So just what does your click or marker word mean to your dog?
Living with and working with dogs that are easily over aroused (poor impulse control) and those that are reactive to various things, I’ve recently be pondering about exercising these dogs.
Note: for the purposes of this blog, reactive dogs are those that lunge and bark at things like people, dogs, other animals, cars, jogger etc. I know all dogs are reactive (aware of and reacting to) to what goes on around them, if they weren’t they would be dead!
We are often told to make sure that these dogs have relaxing, calming walks and to allow them to sniff. This is because these activities are inherently calming. I have no problem with that as a main activity, but I do think dogs need more than this; they do need to burn off some energy by being allowed to runabout and to play with their handler (or other dogs if they are sociable). We are often advised that allowing a dog to run about is too adrenalising and will make it more reactive or ‘hyper’. The flip side of that is, that if a dog is never allowed off a lead to run about, it will have pent up energy just desperate to bubble out..think about it as a can or bottle of a fizzy drink that has been shaken up…all that energy needs to go somewhere and it will explode out once the bottle/can is open.
It must be very frustrating, as a dog, when you are kept on a lead for the majority of your walks, even if you are allowed to wander where you wish and for as long as you wish. Dogs do need to run and burn off their energy. Compare it to a toddler that has had to sit still for several hours and how they just have to have a run about afterwards. Consider how you would feel if you were only allowed to walk to the same places day in and day out and how much you’d enjoy doing something different. Conversely, I’m not suggesting that you just let your reactive dog off leash to do as they please, but they do need to trot, run and lark about.
In my experience, the lack of off lead exercising can make reactive dogs more reactive and can bring out other unwanted behaviours. With those dogs that can be over aroused, an off lead blast is a great way of letting off steam and you may well find that they are less easily aroused after a good run and less easily triggered as well as a bit less OCD.
Of course, finding safe places to let these types of dogs off for a good run, can be difficult. If you have a dog that is a car chaser, it can be hard to find an area to let them run where they won’t see a car and be tempted to chase. For those dogs that are reactive to dogs and/or people, it can be hard to find somewhere to let your dog run off lead where there are no people or dogs. Often times, we end up walking in very secluded areas or very early or late at night, so that we can avoid those triggers.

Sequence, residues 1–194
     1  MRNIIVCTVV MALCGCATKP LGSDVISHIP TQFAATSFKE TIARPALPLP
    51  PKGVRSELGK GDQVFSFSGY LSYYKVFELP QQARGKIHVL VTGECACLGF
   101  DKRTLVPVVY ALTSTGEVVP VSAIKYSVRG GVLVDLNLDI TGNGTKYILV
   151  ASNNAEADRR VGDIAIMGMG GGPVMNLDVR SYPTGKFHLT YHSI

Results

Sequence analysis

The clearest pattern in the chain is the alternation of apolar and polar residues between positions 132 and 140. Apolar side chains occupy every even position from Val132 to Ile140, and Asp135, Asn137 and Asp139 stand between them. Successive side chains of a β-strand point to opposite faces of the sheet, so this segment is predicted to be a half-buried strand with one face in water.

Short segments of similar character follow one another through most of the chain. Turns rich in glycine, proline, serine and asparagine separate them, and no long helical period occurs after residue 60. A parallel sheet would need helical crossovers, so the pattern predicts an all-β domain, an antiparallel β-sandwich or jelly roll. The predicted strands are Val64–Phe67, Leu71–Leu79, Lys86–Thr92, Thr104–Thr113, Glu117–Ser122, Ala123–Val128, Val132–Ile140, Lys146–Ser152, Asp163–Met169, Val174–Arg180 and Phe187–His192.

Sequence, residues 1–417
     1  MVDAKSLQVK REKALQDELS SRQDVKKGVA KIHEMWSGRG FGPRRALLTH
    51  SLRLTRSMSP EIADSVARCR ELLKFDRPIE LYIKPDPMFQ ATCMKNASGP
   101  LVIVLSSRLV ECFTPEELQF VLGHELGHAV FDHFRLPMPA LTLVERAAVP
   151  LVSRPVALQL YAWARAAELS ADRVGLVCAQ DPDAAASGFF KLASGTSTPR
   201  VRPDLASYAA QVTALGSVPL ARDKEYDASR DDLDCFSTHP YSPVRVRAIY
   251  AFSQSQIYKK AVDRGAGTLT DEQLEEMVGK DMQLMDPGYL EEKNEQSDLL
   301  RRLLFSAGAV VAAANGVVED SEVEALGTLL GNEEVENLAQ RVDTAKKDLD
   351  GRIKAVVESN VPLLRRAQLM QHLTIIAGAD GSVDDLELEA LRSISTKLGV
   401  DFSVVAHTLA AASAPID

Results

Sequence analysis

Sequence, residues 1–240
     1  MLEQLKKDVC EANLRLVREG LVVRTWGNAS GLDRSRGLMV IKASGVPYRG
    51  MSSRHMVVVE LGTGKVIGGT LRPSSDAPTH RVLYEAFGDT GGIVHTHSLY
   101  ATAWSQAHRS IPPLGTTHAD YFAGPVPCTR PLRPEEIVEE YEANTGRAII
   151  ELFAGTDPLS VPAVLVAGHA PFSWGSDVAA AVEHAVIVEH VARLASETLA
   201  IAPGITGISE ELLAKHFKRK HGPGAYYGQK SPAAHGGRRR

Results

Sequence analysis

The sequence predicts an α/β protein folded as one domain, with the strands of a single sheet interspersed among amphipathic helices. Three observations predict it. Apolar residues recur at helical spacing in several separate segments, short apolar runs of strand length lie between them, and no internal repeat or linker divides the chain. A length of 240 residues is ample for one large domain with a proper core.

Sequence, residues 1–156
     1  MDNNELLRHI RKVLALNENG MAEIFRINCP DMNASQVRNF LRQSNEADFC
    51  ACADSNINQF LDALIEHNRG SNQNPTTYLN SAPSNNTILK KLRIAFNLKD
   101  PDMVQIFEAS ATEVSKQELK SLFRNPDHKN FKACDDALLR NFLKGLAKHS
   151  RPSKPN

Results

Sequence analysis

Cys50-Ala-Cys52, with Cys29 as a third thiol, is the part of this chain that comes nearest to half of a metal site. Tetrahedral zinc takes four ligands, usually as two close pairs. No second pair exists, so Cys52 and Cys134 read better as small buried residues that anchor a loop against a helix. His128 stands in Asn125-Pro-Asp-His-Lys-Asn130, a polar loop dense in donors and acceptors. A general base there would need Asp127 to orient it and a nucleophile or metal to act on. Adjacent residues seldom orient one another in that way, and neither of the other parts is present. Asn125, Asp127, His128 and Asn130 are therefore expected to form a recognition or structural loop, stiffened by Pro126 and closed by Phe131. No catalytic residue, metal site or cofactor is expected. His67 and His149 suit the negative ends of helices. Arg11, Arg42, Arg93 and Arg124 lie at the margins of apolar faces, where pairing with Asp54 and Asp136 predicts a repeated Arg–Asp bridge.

If there are no safe off lead walks near you, consider hiring a secure field for your dog to run off lead in. Several rescue organisations rent out their secure fields (such as Jerry Green’s and the RSPCA centers), some boarding kennels may rent out their secure exercising fields and, thankfully, there are a whole host of private secure fields that have been developed for dog walking purposes. These fields are usually available to hire for 30-60 minutes and some allow you to have dogs from more than one family sharing, so that you can have a safe place to meet up with your dog’s pals.
There is a fab resource on FaceBook called Dog walking fields – enclosed, private, off lead dog walking which has details of secure fields all over the UK. I’m lucky that there are about 4 secure fields within an hour or so drive from me. Check the page out and find a secure place to give your dog a good off lead run. Great places to work on recalls as well.
Try it out, just once a week and you may see your dog’s behaviour improve for the better.
Costs vary depending on area, but somewhere between £5 and £10 is the likely cost and once a week, that has just got to be worth it.
Thanks to The Paw Park at Sand Hutton for allowing me to use a couple of their photos